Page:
Biden Administration’s Public Charge Final Rule Goes into Effect

On December 23, the Department of Homeland Security’s (DHS) Public Charge Ground of Inadmissibility final rule went into effect. The final rule, issued on September 8, restores the 20-year-old meaning of “public charge” in the context of adjudicating eligibility for visas and green cards. This rule fully unravels the Trump administration’s prior attempt to increase noncitizen ineligibility for certain visas and green cards.

The Immigration and Nationality Act provides that a noncitizen who primarily depends on the U.S. government for subsistence may be deemed a public charge and denied a green card or admission to the U.S. Since 1999, non-cash assistance like Medicaid or food stamps was not considered when making public charge inadmissibility determinations. But in 2019, the Trump administration enacted a controversial rule increasing the list of benefits, including non-cash assistance, that could be considered when adjudicating inadmissibility. As a result, some noncitizens and mixed-status families did not take advantage of certain benefits they were entitled to for fear of immigration consequences. This rule was vacated in 2020.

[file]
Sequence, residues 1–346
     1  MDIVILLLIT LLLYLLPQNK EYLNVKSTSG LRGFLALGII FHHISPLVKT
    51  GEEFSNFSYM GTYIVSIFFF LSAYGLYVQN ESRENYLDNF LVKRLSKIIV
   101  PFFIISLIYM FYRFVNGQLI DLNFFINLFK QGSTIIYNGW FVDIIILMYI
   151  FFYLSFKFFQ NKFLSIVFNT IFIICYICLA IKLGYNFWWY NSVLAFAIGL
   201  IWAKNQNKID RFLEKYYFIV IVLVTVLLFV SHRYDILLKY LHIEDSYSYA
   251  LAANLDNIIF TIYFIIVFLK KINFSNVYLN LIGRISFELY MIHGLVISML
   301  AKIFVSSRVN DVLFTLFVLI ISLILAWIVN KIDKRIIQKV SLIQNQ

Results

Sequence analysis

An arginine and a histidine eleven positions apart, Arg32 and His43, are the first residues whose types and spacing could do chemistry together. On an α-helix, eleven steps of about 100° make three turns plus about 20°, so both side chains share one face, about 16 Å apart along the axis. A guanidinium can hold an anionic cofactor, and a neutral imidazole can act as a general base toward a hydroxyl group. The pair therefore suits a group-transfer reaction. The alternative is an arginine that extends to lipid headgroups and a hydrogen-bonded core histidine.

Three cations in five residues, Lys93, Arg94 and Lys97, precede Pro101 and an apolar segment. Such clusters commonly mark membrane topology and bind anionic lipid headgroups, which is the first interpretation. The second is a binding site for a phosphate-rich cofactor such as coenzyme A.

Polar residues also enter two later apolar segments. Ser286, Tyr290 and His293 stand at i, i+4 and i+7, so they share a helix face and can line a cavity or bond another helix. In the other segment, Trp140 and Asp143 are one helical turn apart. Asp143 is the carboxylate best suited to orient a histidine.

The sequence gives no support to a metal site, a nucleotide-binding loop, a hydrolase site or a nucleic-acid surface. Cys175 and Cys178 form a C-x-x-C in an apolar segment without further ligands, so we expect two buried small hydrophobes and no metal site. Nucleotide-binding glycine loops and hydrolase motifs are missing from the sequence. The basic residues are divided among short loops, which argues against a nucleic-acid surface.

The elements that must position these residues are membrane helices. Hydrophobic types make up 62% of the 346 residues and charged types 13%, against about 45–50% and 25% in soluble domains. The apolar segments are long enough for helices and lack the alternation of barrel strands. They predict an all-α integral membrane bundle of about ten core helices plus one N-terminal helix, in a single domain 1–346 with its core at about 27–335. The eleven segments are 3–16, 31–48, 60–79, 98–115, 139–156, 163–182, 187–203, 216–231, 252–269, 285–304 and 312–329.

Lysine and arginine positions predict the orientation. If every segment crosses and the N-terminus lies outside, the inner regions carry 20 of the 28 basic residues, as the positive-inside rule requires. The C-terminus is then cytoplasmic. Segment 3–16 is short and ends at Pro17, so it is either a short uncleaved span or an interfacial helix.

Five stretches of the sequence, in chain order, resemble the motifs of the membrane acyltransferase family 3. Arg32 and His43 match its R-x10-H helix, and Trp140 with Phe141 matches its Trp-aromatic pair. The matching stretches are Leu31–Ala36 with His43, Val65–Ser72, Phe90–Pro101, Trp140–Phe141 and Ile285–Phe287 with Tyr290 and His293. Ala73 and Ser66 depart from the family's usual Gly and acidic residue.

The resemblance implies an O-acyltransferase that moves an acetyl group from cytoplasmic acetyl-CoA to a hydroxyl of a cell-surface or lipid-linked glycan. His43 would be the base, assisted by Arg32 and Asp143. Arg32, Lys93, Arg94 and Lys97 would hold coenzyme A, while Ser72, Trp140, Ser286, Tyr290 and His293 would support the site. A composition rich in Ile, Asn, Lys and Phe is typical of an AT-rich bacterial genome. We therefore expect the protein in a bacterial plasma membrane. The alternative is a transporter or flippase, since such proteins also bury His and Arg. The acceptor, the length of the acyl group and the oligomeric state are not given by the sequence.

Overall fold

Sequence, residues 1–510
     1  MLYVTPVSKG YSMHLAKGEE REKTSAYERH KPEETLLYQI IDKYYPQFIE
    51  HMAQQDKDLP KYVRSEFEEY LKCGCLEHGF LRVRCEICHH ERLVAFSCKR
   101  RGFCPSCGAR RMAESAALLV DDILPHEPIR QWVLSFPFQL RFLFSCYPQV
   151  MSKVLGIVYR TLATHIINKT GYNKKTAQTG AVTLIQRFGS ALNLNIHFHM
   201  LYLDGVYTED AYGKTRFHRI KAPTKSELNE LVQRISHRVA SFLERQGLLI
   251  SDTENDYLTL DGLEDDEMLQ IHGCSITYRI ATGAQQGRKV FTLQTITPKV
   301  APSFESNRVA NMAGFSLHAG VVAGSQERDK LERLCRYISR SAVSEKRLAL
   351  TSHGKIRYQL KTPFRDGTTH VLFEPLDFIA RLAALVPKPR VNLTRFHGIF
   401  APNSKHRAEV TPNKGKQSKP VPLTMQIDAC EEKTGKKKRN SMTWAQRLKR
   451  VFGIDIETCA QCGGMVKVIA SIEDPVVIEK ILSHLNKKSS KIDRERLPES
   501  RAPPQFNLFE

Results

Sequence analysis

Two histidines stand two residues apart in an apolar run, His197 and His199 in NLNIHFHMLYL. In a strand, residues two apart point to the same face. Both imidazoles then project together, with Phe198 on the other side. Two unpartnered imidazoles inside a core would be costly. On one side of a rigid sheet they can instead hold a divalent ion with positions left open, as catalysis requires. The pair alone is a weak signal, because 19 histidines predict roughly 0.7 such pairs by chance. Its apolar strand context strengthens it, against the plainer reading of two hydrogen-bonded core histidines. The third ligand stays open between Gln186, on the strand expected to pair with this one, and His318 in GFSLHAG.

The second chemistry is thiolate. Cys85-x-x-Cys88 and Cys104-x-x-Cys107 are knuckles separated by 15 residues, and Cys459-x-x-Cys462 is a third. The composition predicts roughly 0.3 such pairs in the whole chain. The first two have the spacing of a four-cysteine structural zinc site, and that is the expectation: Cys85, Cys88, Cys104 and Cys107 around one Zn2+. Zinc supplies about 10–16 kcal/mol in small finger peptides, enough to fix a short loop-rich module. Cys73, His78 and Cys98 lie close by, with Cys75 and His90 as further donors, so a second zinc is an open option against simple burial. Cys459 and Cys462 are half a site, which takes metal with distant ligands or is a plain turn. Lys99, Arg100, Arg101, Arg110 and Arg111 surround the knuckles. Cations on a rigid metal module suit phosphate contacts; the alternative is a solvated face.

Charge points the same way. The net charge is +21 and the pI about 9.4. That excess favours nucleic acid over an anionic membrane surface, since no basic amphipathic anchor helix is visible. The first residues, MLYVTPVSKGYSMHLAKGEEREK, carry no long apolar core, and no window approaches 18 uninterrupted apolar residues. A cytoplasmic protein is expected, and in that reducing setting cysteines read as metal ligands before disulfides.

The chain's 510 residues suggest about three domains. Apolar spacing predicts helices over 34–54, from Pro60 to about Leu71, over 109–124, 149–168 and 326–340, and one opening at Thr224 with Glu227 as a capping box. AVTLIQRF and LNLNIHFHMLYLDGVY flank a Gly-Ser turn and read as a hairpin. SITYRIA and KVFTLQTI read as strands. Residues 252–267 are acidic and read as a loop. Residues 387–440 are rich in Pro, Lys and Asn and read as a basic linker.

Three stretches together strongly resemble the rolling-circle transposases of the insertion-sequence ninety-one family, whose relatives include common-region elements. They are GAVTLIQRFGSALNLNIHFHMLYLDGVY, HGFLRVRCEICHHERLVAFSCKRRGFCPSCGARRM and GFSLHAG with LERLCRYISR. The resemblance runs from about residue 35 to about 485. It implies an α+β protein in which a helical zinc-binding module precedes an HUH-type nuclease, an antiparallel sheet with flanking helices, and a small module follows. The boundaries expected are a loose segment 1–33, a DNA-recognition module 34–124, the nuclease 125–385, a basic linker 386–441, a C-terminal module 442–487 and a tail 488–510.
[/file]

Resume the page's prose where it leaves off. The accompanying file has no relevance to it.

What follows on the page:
DHS’s new rule codifies the pre-2019 criteria for public charge determinations, limiting the number of public benefits that can weigh against green card and certain visa applications.

Biden Administration Commemorates International Migrants Day